India, China hold pockets of investment opportunity
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Romina Graiver, who heads up emerging market equities for fund manager William Blair, believes these could be a good fit for your portfolio--and here's why.
The gap between emerging market economies and those of developed markets are narrowing, creating considerable opportunities for investors, according to Romina Graiver, product specialist, global and emerging markets equities, William Blair.
In the year to August 2016, upwards of US$9 billion have flowed into emerging market equities. This is a complete turnaround from previous years, when emerging markets saw outflows of US$49 billion in 2015 and $25 billion in 2014.
"We see a complete reversal versus the last couple of years, where emerging markets were lagging, and this is largely due to the strengthening dollar, which has allowed prices to rebound, and improved emerging market terms of trade," says Graiver.
"When you put together the dollar trend valuations, and more positive earnings, it's not surprising that we've seen very positive flows."
She believes these flows are underpinned by fundamentals, including corporate performance, dollar trends, commodities and overall growth in gross domestic product levels. Collectively, these point toward a positive outlook for equity investment in these countries.
"The growth differential between emerging market and developed markets is narrowing, so emerging markets continue to grow faster," Graiver says.
Over the past three years, the differential has been contracting, "and that has proven to be a leading indicator for the relative performance of emerging market equities, relative to those in developed markets".
A window of opportunity
While there is no shortage of global fund managers who offer access to emerging markets, there are still advantages to be had for investors.
According to Graiver, the rate at which fund managers are adopting underweight positions in Europe has been accelerating, and also in Japan.
"So when you look at surveys about where fund managers are exposed, we see that there are negative flows and they're underweighting Europe compared to their historical positions. They're still underweight emerging markets, but the gap is being closed," she says.
How appropriate are emerging markets for conservative investors?
"Emerging markets are an attractive asset class, as part of a diversified exposure to equities," Graiver says.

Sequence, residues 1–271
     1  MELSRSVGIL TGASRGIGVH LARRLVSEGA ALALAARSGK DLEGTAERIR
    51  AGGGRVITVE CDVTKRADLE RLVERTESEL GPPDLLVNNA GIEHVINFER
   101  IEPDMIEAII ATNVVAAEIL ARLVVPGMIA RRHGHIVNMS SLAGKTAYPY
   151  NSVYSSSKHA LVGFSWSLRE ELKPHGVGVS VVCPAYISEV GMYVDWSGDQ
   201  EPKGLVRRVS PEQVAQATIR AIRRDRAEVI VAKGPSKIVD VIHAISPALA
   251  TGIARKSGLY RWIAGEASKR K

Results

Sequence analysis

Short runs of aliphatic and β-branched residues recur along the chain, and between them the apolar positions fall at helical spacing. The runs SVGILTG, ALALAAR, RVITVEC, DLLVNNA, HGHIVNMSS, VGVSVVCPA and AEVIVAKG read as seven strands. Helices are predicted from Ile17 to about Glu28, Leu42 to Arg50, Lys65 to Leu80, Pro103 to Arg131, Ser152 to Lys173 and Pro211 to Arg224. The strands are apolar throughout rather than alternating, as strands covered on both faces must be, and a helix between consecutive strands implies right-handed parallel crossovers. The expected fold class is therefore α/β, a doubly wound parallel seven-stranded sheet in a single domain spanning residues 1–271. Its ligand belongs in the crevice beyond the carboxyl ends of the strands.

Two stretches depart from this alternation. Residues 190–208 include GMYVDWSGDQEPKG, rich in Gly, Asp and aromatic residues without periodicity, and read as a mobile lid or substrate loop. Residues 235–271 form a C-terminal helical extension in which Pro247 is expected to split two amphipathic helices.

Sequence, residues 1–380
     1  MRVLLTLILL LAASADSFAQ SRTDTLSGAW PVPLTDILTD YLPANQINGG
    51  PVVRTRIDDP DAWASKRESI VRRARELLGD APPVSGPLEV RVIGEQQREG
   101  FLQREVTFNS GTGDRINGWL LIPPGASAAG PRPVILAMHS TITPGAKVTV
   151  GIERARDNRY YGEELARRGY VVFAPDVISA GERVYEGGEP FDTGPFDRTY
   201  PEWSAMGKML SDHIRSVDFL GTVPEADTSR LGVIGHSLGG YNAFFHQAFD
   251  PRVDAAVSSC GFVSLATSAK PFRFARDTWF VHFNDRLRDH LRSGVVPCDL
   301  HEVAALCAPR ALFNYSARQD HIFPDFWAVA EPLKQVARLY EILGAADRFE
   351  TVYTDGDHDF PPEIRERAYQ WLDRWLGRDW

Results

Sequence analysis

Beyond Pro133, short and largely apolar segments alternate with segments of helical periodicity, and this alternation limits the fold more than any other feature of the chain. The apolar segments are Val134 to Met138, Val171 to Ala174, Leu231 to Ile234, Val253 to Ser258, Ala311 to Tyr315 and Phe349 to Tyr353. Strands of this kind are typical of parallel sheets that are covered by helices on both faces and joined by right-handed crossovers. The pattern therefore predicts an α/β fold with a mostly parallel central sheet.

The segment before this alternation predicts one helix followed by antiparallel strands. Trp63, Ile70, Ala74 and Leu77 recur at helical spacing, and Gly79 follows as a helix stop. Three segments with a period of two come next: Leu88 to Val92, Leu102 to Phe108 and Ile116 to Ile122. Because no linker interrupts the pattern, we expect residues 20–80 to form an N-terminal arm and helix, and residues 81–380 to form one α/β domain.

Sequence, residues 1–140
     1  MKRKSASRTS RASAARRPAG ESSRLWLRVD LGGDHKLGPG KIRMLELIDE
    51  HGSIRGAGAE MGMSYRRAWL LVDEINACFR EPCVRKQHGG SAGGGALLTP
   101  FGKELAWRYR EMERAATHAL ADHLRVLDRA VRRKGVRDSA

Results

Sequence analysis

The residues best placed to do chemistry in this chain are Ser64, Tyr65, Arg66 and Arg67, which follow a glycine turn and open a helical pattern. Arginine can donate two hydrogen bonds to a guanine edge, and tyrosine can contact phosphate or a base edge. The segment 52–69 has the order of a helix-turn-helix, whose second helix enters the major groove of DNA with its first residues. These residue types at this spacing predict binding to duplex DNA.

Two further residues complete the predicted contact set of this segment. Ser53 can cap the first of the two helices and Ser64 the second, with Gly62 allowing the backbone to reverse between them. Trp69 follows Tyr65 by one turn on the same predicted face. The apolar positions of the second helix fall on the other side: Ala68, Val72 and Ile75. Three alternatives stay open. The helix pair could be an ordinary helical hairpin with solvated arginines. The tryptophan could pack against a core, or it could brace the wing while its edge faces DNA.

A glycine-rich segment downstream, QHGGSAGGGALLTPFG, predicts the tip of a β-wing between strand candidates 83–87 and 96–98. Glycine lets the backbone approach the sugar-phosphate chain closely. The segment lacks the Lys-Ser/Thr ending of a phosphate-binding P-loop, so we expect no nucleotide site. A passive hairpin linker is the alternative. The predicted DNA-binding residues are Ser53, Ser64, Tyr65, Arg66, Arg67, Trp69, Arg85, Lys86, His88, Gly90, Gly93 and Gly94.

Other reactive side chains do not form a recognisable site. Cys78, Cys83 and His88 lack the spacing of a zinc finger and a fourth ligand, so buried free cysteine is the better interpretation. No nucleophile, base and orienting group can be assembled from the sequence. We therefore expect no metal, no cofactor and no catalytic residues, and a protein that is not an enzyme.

"I wouldn't recommend using it as a sole exposure for a pension, but it has this element of un-correlation ... it's about diversifying for a broad portfolio, the sources of growth.
"[Emerging markets] are faster growing, with more risks involved, and that's why you have to consider it as part of a broader selection of assets."
Graiver also emphasises that emerging markets are perhaps not as exotic or unpredictable as they once were.
"It's an asset class that has become more mature compared to where it was 10 years ago," Graiver says.
"In terms of how you approach emerging markets, when we first started in this space back in 1996, it was really about corporate discovery and new companies that nobody knew about.
"The growth story was about discovery. We've now seen the asset class evolve, and now there's a very interesting story about execution and finding leaders.
"These are companies that may be emerging market companies, but they're leaders in global standards ... great companies that are producing higher returns and better products, in some cases, than in developed markets."
She refers to China as an example of this, having been previously known primarily for cheaper, inferior versions of products available in western markets.
"And now, we're seeing much higher quality coming up the value chain. There is an evolution of how portfolio managers have been positioning and managing portfolios in emerging markets."
Top picks in emerging markets
"India is a country where we've been overweight and continue to be so ... [though] it's a country that's more of a consensus view," Graiver says.
She describes the political landscape "where expectations initially ran ahead of reality" but it's starting to materialise now. A lot of changes were not visible, have taken longer to come to fruition. But they're clearly on a good path".
"It's now the fastest-growing country in the world ... younger demographics continue to grow when in many cases, these have peaked and are in a downward trajectory [in other markets].
"There are also a number of other factors, including lower commodity prices, which continue to be a tailwind for India."
China is also an area of focus for William Blair, but it looks for specific pockets of opportunity rather than an overall country exposure.
"Chinese tourism is a theme we like to play, [which cuts] across different areas. Cosmetics; airports in many Asian countries are benefiting from this too," she says.
"Tourism spending among Chinese citizens has overtaken the US ... that is a tailwind for many sectors and regions in Asia and more broadly."
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Glenn Freeman is Morningstar's senior editor.
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